“Inside Llewyn Davis” is not a true story but elements of the plot and characters are based on real-life folk music characters and locations from the 1960’s. The Coen Brothers painstakingly re-created the settings of the era and recorded all the songs live to give them a more organic, authentic feeling. The Guardian has a guide to the places visited by the title character for performing, scrounging, and arguing. The title character, played by Oscar Isaac, is inspired in part by Dave van Ronk, whose book, The Mayor of MacDougal Street, tells the story the 1960’s folk music scene in Greenwich Village, with encounters with young stars-to-be like Bob Dylan and Joni Mitchell and older luminaries like Woody Guthrie and Odetta. Isaac does not look or sing like the 6’5″ van Ronk. According to Rolling Stone:
Inside Llewyn Davis slips in more than a few details from Van Ronk’s memoir. Like Van Ronk, Davis spends time in the merchant marines, schleps to Chicago to unsuccessfully audition for the famed Gate of Horn club, rejects the idea of joining a Peter, Paul and Mary-style folk group, and complains to the head of his record company that he’s so broke he can’t afford a winter coat. Those close to Van Ronk insist that the troubled, largely solipsistic Davis, who spends the film dealing with a traumatic personal event, couldn’t be further from Van Ronk. “That character is simply not Dave,” says Wald. “People slept on his couch — he didn’t sleep on theirs. And the reason Dave became who he was in the Village was the way he welcomed anyone who cared about the music. Llewyn is clearly not that guy.”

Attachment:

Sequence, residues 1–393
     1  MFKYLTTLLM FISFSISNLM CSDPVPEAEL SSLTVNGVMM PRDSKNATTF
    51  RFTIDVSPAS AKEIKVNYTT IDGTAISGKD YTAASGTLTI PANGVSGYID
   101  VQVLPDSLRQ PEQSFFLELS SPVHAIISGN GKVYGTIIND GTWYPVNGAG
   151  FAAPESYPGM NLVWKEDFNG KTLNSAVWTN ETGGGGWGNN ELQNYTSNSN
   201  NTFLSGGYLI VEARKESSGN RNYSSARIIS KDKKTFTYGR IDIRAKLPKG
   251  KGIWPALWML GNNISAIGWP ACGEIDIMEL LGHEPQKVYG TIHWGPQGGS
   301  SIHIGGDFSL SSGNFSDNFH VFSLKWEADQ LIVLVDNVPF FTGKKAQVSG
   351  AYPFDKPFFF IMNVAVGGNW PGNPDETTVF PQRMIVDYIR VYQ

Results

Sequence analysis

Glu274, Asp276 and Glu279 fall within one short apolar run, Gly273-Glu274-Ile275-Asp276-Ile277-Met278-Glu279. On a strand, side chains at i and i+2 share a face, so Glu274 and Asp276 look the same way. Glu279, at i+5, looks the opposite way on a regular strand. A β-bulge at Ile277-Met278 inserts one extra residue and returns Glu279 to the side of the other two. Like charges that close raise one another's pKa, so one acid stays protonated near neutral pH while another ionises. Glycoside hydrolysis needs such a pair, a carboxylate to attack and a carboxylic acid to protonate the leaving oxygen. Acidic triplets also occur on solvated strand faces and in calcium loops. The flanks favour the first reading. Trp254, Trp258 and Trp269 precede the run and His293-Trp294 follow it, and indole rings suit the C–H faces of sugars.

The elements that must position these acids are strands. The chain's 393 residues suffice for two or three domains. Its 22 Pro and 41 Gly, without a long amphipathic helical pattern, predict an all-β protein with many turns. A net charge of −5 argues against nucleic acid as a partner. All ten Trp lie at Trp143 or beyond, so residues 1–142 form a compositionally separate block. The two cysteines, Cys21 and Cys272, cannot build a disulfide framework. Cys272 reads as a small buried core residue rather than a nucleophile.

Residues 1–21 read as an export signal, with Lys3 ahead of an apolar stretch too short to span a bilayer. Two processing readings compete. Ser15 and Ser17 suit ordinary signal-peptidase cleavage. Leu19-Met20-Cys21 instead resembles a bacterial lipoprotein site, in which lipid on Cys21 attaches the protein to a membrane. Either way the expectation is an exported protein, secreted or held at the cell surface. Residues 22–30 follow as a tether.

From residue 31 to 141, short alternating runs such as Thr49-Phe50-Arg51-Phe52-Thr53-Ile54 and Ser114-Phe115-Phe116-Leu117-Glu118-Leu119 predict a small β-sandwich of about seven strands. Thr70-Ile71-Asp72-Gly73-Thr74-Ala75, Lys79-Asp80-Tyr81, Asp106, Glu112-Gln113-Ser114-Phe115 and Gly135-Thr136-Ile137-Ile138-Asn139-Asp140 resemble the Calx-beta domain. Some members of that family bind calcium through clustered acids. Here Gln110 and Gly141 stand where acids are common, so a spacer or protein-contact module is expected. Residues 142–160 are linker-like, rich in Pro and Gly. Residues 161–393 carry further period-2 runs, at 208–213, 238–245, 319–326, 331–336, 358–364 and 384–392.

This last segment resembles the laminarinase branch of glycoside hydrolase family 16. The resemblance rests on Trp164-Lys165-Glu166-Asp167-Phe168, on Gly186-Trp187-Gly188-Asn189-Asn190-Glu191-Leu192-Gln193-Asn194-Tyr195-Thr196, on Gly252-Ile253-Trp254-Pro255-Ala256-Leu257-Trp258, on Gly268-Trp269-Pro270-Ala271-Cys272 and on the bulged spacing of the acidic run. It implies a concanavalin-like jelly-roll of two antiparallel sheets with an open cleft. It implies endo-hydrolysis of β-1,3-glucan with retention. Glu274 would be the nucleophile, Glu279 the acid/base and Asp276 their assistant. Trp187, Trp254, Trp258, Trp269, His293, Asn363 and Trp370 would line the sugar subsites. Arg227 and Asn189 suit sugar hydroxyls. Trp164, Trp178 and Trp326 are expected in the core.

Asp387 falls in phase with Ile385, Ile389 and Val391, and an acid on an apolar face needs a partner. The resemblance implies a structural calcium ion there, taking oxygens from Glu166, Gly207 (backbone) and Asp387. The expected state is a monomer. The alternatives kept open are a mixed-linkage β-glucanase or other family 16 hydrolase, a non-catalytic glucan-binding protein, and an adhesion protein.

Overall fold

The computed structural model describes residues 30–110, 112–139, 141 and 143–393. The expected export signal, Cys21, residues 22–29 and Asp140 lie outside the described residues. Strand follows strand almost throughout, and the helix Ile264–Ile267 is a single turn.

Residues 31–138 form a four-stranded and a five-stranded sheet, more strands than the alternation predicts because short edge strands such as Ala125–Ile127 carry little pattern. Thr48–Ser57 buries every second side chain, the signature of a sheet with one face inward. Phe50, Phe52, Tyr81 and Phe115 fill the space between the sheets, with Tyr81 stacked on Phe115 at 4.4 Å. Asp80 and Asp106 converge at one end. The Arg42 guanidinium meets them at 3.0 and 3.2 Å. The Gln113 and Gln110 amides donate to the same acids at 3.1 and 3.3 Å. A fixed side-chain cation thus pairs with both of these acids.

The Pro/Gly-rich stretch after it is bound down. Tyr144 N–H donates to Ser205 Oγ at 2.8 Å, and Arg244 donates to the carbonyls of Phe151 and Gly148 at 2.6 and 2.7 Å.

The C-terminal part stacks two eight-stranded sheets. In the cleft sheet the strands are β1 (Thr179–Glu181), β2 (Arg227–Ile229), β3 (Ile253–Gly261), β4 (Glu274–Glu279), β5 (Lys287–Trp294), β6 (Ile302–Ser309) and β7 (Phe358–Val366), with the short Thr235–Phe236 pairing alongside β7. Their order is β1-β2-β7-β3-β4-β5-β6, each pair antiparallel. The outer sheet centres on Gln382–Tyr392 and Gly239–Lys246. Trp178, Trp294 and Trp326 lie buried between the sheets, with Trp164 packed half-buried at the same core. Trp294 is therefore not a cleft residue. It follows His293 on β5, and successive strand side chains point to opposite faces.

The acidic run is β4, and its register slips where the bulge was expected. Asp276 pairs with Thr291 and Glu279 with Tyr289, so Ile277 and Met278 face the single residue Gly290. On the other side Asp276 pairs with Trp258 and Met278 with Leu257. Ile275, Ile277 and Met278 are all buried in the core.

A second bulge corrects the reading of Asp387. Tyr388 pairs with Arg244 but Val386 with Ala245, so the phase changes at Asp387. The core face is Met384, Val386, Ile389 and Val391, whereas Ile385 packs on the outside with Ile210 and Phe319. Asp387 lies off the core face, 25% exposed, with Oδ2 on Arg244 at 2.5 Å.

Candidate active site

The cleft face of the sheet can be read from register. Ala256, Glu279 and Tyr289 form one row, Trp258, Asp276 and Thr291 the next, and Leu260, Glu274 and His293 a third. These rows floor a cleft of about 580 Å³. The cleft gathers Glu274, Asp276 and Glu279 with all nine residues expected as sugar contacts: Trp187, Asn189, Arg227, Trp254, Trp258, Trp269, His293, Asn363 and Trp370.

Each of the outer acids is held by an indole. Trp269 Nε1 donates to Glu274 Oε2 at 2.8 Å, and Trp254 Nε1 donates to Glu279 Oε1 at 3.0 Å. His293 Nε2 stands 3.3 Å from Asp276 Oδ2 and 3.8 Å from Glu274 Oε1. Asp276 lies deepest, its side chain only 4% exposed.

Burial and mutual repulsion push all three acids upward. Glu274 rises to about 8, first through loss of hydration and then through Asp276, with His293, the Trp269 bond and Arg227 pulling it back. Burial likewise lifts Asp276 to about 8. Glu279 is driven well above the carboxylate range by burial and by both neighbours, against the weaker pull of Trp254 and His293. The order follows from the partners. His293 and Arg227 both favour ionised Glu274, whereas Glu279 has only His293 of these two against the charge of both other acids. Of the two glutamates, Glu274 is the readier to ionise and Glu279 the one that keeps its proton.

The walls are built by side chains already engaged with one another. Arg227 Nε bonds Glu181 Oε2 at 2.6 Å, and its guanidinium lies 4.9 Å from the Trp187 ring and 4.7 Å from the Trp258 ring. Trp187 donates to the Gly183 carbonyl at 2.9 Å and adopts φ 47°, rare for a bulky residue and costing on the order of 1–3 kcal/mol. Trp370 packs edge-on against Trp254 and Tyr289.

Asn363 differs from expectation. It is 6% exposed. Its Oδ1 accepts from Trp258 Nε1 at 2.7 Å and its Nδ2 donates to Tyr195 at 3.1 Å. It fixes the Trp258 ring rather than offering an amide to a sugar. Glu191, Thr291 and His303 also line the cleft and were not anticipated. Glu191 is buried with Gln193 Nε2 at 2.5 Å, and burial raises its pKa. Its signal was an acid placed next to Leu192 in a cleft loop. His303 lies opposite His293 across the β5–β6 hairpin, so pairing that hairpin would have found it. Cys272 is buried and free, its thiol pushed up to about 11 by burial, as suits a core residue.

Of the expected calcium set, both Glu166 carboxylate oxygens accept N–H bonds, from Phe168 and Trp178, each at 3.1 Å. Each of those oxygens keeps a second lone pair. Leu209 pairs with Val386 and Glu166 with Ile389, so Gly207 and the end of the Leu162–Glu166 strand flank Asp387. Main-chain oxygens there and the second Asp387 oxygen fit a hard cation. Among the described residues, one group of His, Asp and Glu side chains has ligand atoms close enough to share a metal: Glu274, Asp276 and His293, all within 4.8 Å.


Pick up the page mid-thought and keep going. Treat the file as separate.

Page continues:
Here van Ronk sings one of the songs performed by Oscar Isaac in the film.
There’s no suggestion that these people love the music they play, none that they play music for fun or have jam sessions, not a smidgen of the collegiality that marked that period.
Musicians supported each other. David and I had hordes of people in our apartment several times a week, many of them folksingers, many of them uninvited drop-ins who always were welcomed. I cooked; we talked politics; the musicians played. They introduced new songs and arrangements and often jammed. We had fun. If a new club opened, folksingers told each other about it and recommended one another to the club owner. When a new coffeehouse in Pennsylvania stiffed David, Tom Paxton refused to play there until David was paid. (He wasn’t and Tom didn’t.) When I received a series of obscene phone calls and the police said they couldn’t do anything, Gaslight performers “babysat” while I stayed home to study for graduate exams. Noel Stookey, Tom Paxton, Hugh Romney (later known as Wavy Gravy), Len Chandler, and others came over between their sets and hung out while I worked.
In the 1950s and ’60s, there were other folk-music scenes. The old-timey musicians; the bluegrass people; the people around Alan Block’s sandal shop; the people the real Jim and Jean hung out with. There was some interaction, but even if the people in those groups didn’t see each other daily or weekly, there was goodwill. No one would know that fromInside Llewyn Davis.
T. Bone Burnett produced the movie’s magnificent score, including a performance of “500 Miles” by a trio (Justin Timberlake, Carey Mulligan, and Stark Sands) that is reminiscent of Peter, Paul, and Mary.